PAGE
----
Making an English Comb-back Windsor Chair – Part One

My inspiration for this Windsor chair derives from a unique style of comb-back chair produced in the Thames Valley region of South East England from around 1730 through to roughly 1800.

The chairs of this ilk all share very distinct characteristics; the seats exhibit the same ‘D’ or bell shape (with a typical straight front edge) and all four legs are bold ‘Goldsmith‘ baluster pattern united by bulbous turned ‘H’ stretchers.

Where present, arms are broad with horizontally-scrolled terminals, supported on turned front posts. Comb-back crest rails are either plain or gently shaped and are raised on an even number of back sticks – usually eight.

Thames Valley comb-back elbow chair, circa 1780. Front view.

Thames Valley comb-back elbow chair, circa 1780. Side view.

The arms of these chairs are made of three separate pieces of wood which are lap jointed to form a continuous arc; the lap joints on some chairs span two back sticks, while others intersect a single back stick. The addition of steel screws, inserted from beneath, contribute to a strong, rigid arm.

The chair below possesses the same leg profile, three-part flat scrolled arm and eight back sticks as other chairs of the genre, and has a shaped crest rail. The sawn crescent arm supports are a common alternative with these Goldsmith-esque chairs.

Thames Valley comb-back elbow chair, circa 1780. (Michael Harding-Hill)

The Claremont side chair below exhibits an even number of back sticks (four), but has the unusual addition of three brace sticks; the original crest rail now replaced.

Thames Valley fan-back side chair, circa 1760.

The arm of the elbow chair below (formerly in the Parker Knoll collection – now the centrepiece of The Frederick Parker Foundation at the London Metropolitan University – which I had the opportunity to inspect on several occasions while in mothballs at, the then, private house, Brympton d’Evercy in Somerset) with its shaped crest, is still of three-part construction. The legs and seat shape conform to the genre.

Mid eighteenth-century Thames Valley stick-back elbow chair. (Michael Harding-Hill)

I don’t have a steam box any longer and I don’t really have the room or inclination to possess another, so one of the main attractions of this style of chair, for me, is that it has no bent components; both the crest rail and the three-part arm are cut from the solid.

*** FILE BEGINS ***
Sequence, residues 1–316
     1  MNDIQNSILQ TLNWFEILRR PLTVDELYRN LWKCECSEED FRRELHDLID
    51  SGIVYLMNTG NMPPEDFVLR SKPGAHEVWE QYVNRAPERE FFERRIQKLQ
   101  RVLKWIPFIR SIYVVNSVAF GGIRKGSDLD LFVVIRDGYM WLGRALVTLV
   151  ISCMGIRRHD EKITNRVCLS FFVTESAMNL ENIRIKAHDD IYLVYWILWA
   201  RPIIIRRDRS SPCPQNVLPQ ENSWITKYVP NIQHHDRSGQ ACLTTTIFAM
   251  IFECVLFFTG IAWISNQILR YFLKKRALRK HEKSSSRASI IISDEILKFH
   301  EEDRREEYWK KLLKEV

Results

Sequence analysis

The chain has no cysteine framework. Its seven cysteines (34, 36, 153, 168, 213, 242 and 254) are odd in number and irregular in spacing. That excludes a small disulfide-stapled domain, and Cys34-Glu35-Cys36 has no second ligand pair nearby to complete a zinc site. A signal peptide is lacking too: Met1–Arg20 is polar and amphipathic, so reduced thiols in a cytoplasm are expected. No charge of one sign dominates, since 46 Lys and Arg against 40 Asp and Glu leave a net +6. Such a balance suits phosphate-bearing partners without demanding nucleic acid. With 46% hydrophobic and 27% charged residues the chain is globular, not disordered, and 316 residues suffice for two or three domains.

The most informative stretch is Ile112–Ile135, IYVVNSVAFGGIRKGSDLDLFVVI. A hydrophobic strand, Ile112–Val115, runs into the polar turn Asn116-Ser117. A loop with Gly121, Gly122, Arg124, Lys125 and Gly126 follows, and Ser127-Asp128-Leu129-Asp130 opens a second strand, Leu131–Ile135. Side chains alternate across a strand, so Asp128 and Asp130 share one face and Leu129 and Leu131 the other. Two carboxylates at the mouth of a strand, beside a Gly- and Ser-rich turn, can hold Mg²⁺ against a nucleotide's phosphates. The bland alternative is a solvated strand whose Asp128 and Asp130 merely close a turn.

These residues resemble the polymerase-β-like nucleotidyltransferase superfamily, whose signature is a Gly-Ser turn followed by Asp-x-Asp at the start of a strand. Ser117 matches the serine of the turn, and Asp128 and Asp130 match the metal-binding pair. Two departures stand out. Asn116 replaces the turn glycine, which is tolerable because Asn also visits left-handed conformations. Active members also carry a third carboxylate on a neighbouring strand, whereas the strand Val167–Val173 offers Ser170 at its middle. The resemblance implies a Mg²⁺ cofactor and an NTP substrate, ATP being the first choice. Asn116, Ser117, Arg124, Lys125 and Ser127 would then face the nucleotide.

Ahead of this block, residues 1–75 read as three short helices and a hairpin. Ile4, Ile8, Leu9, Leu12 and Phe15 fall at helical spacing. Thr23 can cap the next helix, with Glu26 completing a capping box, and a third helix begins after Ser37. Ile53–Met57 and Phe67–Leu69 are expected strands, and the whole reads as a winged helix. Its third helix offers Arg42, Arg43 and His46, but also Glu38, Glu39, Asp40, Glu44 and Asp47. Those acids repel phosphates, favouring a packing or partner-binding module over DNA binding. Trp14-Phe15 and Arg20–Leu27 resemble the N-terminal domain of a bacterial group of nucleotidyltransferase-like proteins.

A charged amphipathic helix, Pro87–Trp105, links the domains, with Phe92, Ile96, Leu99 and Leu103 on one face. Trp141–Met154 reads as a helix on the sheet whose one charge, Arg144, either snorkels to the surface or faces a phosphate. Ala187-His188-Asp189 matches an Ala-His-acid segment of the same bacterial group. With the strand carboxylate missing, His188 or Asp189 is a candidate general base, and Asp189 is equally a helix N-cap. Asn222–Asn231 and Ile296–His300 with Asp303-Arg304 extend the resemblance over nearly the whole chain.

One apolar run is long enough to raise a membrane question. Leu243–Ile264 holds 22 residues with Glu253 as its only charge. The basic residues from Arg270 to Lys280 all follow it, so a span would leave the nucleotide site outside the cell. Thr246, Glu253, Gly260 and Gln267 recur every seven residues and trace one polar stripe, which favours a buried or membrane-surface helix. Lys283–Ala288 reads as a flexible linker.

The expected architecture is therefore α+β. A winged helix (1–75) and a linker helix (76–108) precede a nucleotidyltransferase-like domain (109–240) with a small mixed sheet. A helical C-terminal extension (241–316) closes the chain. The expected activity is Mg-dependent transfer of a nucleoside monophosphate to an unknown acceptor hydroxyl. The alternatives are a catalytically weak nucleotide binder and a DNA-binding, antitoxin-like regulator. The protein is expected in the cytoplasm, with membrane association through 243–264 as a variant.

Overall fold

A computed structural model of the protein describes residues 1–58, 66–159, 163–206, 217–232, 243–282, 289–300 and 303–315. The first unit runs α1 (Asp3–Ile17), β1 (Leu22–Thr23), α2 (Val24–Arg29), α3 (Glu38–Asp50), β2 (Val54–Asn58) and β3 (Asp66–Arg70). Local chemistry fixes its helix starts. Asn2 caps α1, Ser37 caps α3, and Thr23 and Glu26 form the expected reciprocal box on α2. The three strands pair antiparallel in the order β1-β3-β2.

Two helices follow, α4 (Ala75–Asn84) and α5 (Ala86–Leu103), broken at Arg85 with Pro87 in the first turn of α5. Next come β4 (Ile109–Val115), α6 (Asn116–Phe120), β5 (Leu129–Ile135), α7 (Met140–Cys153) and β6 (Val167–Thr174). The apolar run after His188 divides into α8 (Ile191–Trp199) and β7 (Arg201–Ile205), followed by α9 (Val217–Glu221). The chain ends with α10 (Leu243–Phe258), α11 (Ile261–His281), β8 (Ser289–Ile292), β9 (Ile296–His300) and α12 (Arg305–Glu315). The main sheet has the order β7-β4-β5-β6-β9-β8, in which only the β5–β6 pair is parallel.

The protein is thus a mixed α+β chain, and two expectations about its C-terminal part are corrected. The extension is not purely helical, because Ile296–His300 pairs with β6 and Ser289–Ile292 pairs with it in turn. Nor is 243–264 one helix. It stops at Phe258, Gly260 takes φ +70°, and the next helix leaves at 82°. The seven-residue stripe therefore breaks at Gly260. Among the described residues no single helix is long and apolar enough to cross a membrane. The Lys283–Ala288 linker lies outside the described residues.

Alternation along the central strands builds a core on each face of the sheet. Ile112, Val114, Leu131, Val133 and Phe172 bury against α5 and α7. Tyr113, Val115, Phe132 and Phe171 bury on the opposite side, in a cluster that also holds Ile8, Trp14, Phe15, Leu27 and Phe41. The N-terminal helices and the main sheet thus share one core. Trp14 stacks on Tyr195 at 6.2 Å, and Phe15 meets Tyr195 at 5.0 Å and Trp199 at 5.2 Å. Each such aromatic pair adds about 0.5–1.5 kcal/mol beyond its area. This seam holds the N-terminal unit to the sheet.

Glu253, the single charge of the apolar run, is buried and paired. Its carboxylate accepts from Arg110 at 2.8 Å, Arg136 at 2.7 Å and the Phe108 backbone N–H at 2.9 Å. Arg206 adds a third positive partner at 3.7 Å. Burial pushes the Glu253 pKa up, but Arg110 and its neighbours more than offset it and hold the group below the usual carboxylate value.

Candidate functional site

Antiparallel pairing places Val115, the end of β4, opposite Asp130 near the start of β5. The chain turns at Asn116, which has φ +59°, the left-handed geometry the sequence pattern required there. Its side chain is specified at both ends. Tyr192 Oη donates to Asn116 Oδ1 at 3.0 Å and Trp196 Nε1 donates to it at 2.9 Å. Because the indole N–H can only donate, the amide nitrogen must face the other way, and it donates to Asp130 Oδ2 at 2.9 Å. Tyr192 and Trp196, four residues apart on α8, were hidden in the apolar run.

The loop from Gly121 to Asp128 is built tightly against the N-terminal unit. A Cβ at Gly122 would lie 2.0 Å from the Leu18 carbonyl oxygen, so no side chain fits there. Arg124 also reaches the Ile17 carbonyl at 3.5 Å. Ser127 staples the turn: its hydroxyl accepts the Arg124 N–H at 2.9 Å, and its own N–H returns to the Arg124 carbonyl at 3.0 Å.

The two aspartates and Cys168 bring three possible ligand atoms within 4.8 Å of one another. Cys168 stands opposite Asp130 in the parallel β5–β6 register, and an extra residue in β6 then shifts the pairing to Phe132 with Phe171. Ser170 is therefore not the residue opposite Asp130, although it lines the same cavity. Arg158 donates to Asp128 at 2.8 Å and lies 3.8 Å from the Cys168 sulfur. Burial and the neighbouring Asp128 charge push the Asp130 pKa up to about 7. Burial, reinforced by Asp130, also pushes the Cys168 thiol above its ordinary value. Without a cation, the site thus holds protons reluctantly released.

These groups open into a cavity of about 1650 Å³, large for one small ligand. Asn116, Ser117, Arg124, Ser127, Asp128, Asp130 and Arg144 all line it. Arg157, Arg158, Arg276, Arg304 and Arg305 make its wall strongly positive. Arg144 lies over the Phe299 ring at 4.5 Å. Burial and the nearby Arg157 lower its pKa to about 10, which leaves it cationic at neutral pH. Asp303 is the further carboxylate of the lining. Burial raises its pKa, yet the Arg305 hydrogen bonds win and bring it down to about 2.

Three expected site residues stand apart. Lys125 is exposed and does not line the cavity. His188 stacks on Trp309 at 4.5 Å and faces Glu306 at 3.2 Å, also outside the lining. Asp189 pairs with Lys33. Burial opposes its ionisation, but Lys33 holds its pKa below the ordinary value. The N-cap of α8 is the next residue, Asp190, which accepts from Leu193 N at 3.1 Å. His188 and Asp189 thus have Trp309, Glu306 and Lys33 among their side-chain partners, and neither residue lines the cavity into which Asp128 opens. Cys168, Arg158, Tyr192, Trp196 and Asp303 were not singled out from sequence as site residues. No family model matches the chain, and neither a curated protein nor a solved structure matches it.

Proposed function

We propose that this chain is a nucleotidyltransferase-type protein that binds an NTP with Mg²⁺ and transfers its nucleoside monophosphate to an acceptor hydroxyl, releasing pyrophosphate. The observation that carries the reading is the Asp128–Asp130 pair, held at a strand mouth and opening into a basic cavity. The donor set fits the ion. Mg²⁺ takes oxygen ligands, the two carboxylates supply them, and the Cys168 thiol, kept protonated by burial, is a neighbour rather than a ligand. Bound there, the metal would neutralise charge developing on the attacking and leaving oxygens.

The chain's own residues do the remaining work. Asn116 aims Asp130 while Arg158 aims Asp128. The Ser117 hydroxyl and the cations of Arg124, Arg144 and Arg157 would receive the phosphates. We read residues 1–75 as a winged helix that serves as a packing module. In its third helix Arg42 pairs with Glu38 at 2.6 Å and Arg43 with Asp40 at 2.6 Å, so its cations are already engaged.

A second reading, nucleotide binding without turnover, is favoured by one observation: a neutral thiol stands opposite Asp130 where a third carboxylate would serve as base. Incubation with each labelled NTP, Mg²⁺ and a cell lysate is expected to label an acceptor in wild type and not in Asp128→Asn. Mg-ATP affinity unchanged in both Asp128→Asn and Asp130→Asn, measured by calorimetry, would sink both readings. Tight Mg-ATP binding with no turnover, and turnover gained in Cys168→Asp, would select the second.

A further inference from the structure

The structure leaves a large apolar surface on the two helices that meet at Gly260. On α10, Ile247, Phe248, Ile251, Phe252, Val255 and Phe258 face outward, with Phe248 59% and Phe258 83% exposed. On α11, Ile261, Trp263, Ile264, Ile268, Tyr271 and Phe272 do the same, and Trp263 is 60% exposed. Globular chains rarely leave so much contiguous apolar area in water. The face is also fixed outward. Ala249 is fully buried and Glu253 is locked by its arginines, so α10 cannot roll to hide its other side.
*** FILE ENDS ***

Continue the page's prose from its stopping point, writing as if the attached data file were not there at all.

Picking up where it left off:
The seats are typically of elm with the grain running from side-to-side on elbow chairs and front-to-back on side chairs. The legs and sticks are normally ash and the arms and crest rails can be ash, elm, drupaceous fruitwood or walnut.

My chair

I cut a piece from a really nice 12-1/2′ x 29″ x 2-1/8″ (380cm x 74cm x 5.5cm) elm board that’s been air drying for four years, so that’s the seat catered for.

That’s a 22″ (56cm) long No. 7 jointer sitting on that lump of elm.

I have a fairly large quantity of European Ash, so the legs, stretchers, sticks and crest rail will all be of ash. I also have a stack of English Walnut, so while I’m tempted to use some for the arm and arm posts, I have yet to convince myself it is the right choice.

About Jack Plane

Formerly from the UK, Jack is a retired antiques dealer and self-taught woodworker, now living in Australia.
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3 Responses to Making an English Comb-back Windsor Chair – Part One

  1. This will certainly be an interesting one to follow?

    Do you already have plans for the rest of that elm? I personally feel walnut may be too dark against the ash. Elm might give a warmer contrast and the grain is (kind of) similar to that of ash… Maybe, if you had some nice dark bits of heartwood?



    • Jack Plane says:

      I intend making more Windsors at some stage, so the elm is currently ear marked… but who knows!

      I think you’re right about the walnut. Walnut is one of my favourite timbers and I was trying to make room for some in this chair, but it would only work if I used it for the arm, arm posts and the crest rail. Therein lies the problem, I don’t have any thick enough for the crest rail.


  2. Pingback: Future Proofing My Exploits | Pegs and 'Tails

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